AVGN7, a Novel Gene Therapeutic for Treating Cancer Cachexia
Award last edited on: 9/21/2022

Sponsored Program
Awarding Agency
Total Award Amount
Award Phase
Solicitation Topic Code
Principal Investigator
Buel "dan" Rodgers

Company Information

Aavogen Inc

13420 Glen Lea Way
Rockville, MD 20850
   (208) 596-9807
Location: Single
Congr. District: 08
County: Montgomery

Phase I

Contract Number: N/A
Start Date: 9/25/2017    Completed: 8/31/2020
Phase I year
Phase I Amount
Direct to Phase II

Phase II

Contract Number: 1R44CA221539-01
Start Date: 9/25/2017    Completed: 8/31/2020
Phase II year
(last award dollars: 2021)
Phase II Amount

The skeletal muscle wasting that occurs with cancer cachexia compromises quality of life and is both directly and indirectly responsible for cancer mortalities. Tumor-derived and tumor-responsive factors as well as many therapeutics themselves contribute to the cachectic state, although nutritional support has little if any positive effect on restoring striated muscle mass or function. Thus, novel tools for preventing muscle wasting in cancer patients could transform their treatment and significantly improve their quality of life. Our research objective is to test a novel gene therapeutic for enhancing muscle regeneration in a mouse model of tumor- and chemotherapy-induced cachexia and in addition, to complete the GLP/toxicology studies required for IND filing. We hypothesize that attenuating the intracellular signaling pathways responsible for muscle atrophy and impaired muscle regeneration will in turn restore muscle mass and function and significantly delay mortality. In fact, Phase I-equivalent data indicate that attenuating ActRIIB and Smad2/3 signaling with rAAV6:Smad7 (a.k.a. AVGN7) significantly enhances muscle mass and function in wild-type mice and can completely prevent muscle atrophy in different mouse models of cancer cachexia. Most importantly, this therapeutic does not produce the serious off-target effects that have compromised development of competing technologies that have either been shown to compromise blood vessel integrity or to possess this potential. Our specific aims are to (i) test the hypothesis that rAAV6:Smad7 can prevent cancer- and chemotherapy- induced muscle wasting, (ii) test the hypothesis that rAAV6:Smad7 reduces cancer mortality and (iii) complete murine and non-human primate toxicology studies with rAAV6:Smad7. The proposed approach is truly innovative as it utilizes a novel gene therapeutic and state-of-the art tools to comprehensively assess muscle function at different scales. These studies are also highly significant as they will provide a better mechanistic understanding of how tumor- and chemotherapy-induced muscle wasting are independently affected by ActRIIB and Smad2/3 signaling. Most importantly, these translational studies have the very real potential to impact clinical medicine and to advance clinical trials of rAAV6:Smad7.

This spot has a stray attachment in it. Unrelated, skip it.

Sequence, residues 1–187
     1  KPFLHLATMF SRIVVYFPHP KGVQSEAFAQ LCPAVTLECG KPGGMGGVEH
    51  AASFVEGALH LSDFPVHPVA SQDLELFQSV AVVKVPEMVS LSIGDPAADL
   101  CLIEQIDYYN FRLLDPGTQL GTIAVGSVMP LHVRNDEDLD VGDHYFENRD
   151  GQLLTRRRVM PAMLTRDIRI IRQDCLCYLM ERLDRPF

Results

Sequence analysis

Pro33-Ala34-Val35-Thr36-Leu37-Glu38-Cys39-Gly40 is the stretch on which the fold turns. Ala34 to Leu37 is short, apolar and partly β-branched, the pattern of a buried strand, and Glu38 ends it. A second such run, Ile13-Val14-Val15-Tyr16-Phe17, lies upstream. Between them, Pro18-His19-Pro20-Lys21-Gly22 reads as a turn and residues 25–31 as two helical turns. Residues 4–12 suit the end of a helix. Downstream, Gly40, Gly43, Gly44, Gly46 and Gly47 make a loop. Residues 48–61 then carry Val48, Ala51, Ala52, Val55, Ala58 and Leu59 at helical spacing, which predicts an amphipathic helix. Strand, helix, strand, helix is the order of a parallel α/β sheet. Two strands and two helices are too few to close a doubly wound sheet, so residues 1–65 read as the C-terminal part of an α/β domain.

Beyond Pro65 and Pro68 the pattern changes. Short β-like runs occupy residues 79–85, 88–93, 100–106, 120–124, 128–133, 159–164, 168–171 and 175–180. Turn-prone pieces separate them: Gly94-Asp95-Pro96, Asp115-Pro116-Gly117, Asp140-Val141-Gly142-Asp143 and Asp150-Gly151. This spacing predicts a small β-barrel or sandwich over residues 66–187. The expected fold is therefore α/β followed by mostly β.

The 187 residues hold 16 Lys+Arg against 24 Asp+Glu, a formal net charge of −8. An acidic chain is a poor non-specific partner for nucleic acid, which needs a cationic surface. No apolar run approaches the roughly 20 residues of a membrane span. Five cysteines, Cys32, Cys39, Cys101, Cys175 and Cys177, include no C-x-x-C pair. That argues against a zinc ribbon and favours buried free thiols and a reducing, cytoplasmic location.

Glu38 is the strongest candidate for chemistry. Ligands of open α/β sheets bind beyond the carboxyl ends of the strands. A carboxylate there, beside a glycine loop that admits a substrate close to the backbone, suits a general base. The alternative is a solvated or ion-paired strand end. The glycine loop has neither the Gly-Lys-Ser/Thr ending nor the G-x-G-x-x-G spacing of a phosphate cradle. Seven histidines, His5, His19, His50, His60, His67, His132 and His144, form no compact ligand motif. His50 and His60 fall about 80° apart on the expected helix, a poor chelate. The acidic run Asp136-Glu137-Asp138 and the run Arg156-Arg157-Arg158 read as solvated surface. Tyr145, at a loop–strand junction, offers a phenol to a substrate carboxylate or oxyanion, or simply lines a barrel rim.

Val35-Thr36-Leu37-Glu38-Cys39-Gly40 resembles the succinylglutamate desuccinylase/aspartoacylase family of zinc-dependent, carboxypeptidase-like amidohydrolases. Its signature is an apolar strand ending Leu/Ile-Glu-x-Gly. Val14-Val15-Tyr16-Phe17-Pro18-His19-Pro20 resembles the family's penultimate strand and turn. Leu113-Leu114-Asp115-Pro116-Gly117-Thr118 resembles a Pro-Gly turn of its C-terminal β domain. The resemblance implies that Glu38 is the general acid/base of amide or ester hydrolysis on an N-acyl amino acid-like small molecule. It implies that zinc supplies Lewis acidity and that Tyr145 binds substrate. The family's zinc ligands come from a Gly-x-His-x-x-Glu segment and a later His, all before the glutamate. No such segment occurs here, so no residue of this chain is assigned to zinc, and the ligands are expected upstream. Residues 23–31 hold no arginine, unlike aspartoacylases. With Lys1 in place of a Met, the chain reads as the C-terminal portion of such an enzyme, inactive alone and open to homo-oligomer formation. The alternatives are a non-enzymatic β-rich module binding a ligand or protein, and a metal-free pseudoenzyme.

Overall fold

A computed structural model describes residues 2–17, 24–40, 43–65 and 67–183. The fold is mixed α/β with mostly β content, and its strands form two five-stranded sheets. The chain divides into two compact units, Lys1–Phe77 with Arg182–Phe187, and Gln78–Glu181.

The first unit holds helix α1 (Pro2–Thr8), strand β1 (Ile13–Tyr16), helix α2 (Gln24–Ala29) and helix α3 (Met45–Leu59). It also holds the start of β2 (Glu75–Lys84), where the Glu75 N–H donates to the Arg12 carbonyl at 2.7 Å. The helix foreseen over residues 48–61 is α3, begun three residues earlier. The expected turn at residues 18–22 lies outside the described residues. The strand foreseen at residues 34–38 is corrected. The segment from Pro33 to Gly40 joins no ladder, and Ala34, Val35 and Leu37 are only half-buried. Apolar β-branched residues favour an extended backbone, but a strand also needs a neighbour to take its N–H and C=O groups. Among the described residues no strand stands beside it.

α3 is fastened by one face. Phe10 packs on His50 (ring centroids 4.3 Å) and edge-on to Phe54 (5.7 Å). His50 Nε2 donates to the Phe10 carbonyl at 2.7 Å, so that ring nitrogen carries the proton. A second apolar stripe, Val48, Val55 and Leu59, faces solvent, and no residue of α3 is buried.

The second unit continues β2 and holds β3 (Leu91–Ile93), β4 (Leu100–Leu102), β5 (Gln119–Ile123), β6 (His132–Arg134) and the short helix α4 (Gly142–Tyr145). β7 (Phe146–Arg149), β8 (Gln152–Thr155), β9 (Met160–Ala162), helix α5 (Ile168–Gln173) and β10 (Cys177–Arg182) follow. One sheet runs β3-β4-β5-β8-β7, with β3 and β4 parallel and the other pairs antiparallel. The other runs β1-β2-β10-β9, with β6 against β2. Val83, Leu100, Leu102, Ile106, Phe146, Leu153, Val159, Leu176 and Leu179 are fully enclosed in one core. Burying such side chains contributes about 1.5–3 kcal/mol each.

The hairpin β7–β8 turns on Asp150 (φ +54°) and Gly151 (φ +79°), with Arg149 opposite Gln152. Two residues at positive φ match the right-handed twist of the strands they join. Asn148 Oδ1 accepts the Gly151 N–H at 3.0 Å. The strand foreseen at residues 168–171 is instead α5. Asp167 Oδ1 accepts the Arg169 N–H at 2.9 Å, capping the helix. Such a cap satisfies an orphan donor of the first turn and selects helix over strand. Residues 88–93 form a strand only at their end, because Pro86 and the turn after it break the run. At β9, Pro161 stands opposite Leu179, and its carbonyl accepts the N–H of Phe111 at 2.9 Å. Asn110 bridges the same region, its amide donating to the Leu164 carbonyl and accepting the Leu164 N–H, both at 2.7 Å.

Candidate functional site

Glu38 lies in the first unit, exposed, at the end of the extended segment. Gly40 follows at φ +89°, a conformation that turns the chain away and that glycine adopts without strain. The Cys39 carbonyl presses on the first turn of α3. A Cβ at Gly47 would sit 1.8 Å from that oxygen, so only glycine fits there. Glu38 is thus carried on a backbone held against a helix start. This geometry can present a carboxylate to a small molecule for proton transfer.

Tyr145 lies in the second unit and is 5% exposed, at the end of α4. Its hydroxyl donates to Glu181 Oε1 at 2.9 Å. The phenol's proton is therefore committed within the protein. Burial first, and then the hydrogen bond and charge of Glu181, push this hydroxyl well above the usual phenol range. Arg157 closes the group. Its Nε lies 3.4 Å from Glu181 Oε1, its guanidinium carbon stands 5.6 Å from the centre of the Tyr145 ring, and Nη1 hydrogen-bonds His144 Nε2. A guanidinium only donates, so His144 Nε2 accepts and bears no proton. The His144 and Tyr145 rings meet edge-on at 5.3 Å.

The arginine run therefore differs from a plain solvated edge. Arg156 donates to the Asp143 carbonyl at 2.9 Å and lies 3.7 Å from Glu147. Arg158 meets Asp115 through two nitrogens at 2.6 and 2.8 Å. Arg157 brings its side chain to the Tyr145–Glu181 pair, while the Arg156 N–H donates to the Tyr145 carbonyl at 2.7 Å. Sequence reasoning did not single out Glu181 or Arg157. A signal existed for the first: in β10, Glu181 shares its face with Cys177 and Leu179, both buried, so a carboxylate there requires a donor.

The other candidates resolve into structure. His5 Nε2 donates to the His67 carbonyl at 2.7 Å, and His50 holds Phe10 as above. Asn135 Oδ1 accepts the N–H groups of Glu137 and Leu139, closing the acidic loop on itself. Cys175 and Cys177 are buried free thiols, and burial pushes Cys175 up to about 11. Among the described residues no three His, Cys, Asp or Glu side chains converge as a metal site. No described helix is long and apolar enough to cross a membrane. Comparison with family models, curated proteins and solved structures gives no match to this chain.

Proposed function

Public Health Relevance Statement:
RELEVANCE TO PUBLIC HEALTH. The striated muscle wasting that occurs with cancer cachexia compromises quality of life and is both directly and indirectly responsible for cancer mortalities. The proposed studies will develop a novel gene therapy for preventing this wasting, whether it results from tumor burden or chemotherapy. These studies will also advance the gene therapy towards clinical trials by completing the required toxicology studies.

Project Terms:
Activins; adeno-associated viral vector; Affect; Antibodies; Attenuated; base; Benchmarking; Blood Vessels; Cachexia; cancer cachexia; Cancer Model; Cancer Patient; cancer therapy; Catabolism; chemotherapy; Chemotherapy-Oncologic Procedure; Cisplatin; Clinical assessments; Clinical Medicine; Clinical Treatment; Clinical Trials; Colon Adenocarcinoma; cytokine; Data; Development; Energy Intake; exercise capacity; experience; experimental study; GDF11 gene; GDF8 gene; gene therapy; Goals; Hemophilia A; Hormones; IGF1 gene; Impairment; Implant; improved; Inherited; innovation; Intervention; Ligands; Longevity; MADH7 gene; Malignant Neoplasms; meetings; Mitogens; mortality; mouse model; Mus; muscle form; Muscle function; Muscle Proteins; muscle regeneration; Muscular Atrophy; Muscular Dystrophies; muscular structure; nonhuman primate; novel; nutrition; Nutritional Support; Outcome; overexpression; Patients; Phase; phase 2 study; Preparation; prevent; Production; Protein Biosynthesis; Proteins; Public Health; Quality Control; Quality of life; Radiation therapy; Recombinants; Research; Retinal Dystrophy; Signal Pathway; Signal Transduction; skeletal muscle wasting; Striated Muscles; System; Technology; Testing; Therapeutic; therapeutic gene; tool; Toxicology; translational study; Treatment outcome; tumor; Tumor Burden; tumor growth; Tumor-Derived; wasting; Wild Type Mouse